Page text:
Where a GPS navigation system is fitted in to a system or product, even if it is only a back-up, it has to be tested, maintained and calibrated in order to ensure full functionality. For example, when an aircraft is serviced or stored in a hangar, it does not have a clear view of the sky and as GPS signals are inherently low strength, repeating systems allow the GPS signal to be received inside the hangar enabling flight navigation systems to be tested in a safe/covert environment.  It can also enable a plane to have a lock on the GPS satellite before it leaves the hangar, which is important if a plane has to be airborne within minutes.

For other applications such as training facilities, workshops, test laboratories or production lines,  if used in an authorised way, GPS repeating can enable efficiencies in working practice and a significant cost saving over specialised test equipment.

The GPS signal can be repeated (or re-radiated) using variable gain controlled or “SMART” amplifiers to anywhere in the hangar/building/workshop so that even quite large indoor spaces or shadowed areas can receive the signal.  For large areas or multiple room scenarios, a combination of GPS splitters can be used to provide total coverage using a single external GPS antenna.

Applications

Live GPS / GNSS Signals brought inside your Aircraft Hangar

All navigation systems fitted in aircraft have to be tested on a regular basis.  Where GPS is fitted, even if only as a back-up, it too has to be calibrated in order to ensure full functionality.  When a plane is serviced or housed in a hangar, it does not have a clear view of the sky and as GPS signals are inherently low strength, GPS repeating systems allow the GPS signal to be received inside the hangar. More»GPS in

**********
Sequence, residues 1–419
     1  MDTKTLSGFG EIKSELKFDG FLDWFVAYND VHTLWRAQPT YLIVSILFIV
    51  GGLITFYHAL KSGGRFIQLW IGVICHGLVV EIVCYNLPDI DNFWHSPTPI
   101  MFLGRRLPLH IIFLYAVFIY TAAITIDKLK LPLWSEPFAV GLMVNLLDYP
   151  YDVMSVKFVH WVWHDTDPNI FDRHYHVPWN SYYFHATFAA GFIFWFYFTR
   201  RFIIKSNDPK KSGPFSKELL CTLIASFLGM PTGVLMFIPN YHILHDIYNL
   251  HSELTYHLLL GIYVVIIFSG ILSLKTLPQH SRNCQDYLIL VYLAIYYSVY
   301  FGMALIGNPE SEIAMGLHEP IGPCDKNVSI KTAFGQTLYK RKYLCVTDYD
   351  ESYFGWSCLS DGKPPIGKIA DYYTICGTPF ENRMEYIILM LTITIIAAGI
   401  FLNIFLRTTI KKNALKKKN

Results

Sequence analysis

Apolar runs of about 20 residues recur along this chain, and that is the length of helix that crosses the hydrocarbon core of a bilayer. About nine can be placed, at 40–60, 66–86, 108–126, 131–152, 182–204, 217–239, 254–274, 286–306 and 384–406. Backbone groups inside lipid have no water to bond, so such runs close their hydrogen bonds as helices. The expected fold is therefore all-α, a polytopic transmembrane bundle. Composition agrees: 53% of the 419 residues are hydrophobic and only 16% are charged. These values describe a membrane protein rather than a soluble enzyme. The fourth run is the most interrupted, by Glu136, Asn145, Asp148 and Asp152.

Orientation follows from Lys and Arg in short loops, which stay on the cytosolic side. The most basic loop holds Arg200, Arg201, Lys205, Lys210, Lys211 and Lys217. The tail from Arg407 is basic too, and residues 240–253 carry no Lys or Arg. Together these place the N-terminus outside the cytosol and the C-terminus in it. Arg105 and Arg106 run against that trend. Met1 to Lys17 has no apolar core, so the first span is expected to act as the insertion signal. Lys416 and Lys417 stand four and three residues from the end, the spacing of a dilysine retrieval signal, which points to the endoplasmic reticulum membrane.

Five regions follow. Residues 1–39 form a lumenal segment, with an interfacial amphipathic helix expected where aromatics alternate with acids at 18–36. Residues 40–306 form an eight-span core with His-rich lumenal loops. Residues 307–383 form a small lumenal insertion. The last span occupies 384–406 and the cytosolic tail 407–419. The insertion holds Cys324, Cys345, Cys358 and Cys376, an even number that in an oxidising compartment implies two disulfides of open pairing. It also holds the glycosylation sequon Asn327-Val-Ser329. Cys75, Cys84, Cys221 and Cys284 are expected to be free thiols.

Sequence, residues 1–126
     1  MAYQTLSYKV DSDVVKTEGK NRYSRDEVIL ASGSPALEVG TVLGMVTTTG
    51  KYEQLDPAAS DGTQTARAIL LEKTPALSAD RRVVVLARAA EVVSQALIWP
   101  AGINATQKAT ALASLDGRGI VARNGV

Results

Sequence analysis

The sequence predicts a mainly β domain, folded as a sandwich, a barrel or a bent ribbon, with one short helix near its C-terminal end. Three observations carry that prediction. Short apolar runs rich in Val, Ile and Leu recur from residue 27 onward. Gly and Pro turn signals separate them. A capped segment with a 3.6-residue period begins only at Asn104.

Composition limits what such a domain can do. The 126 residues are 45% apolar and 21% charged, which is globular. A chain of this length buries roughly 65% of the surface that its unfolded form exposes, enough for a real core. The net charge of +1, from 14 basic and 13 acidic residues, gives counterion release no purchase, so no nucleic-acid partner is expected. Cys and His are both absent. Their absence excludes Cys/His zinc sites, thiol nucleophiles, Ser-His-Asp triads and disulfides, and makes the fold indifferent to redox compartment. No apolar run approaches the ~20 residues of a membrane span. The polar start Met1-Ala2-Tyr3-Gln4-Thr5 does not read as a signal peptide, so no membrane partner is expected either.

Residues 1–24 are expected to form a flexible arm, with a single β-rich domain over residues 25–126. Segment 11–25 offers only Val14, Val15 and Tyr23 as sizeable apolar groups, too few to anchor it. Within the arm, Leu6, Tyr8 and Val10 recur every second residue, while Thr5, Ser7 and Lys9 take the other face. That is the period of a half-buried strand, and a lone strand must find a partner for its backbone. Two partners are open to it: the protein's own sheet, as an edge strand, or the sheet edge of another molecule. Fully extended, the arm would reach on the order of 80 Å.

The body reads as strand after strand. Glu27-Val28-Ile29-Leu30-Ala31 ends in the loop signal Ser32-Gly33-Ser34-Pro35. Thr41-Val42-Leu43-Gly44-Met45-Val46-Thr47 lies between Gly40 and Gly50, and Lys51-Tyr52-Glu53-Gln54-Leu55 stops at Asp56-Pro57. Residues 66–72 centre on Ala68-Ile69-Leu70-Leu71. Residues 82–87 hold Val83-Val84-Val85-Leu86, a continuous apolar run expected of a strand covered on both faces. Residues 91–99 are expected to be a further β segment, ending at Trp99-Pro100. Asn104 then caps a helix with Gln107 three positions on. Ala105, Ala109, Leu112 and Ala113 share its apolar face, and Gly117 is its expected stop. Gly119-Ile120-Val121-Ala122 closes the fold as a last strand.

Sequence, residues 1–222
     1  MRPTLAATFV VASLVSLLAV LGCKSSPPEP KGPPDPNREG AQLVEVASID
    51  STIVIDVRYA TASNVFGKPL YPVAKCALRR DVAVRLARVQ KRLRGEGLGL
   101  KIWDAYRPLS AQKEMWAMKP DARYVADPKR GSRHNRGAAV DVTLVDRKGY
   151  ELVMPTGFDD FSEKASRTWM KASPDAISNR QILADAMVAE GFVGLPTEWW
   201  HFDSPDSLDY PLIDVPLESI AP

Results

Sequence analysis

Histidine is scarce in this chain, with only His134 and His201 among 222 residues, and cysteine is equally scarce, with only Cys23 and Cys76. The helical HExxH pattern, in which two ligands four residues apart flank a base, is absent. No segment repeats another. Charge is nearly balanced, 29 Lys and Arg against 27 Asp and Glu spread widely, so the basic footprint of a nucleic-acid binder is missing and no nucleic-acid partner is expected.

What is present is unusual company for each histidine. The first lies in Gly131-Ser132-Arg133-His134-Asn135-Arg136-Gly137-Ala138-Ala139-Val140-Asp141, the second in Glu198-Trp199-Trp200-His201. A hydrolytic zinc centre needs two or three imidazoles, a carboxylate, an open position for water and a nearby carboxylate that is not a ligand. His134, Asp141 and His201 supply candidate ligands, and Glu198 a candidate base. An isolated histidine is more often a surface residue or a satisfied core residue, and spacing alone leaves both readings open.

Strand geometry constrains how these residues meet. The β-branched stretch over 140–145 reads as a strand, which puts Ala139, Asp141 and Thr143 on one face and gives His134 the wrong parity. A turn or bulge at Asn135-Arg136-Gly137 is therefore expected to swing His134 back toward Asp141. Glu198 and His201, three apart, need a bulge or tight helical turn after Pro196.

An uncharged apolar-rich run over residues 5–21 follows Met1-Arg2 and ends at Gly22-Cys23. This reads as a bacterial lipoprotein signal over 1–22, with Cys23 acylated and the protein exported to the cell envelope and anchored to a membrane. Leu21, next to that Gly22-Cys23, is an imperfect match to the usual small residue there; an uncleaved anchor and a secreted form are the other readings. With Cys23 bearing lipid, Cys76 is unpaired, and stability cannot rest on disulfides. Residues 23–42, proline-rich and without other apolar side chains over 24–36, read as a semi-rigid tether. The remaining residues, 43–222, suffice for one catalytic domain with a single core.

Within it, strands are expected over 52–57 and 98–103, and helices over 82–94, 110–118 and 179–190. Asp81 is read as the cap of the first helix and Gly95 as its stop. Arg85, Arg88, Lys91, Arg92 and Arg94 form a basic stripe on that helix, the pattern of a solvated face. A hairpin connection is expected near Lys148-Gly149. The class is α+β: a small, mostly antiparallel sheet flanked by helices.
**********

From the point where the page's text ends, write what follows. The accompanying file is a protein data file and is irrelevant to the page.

GPS inside your Facility to test GPS Products on the Production Line

Save time, money and improve efficiencies by bringing the GPS signal inside your production facility for testing GPS embedded receivers.  More»

GPS Repeaters for Emergency Services

Chronos offers solutions to bring the GPS signal inside fire & rescue stations, police garages, or rescue helicopter hangars, ensuring vehicles have a lock on the GPS signal whilst inside and importantly when exiting  to respond to emergencies.  More»

Testing GPS inside a Hangar

A key task of a MRO team was to perform flight verification checks with an active GPS Signal. Planes had to be towed outside, as there was no active GPS signal available inside any of the hangars. In order to tow a plane outside, it was common practice to stop work on other planes and move them out of the way of the hangar doors. It would take approximately one hour to move a plane outdoors, perform system checks and move back into the hangar… More»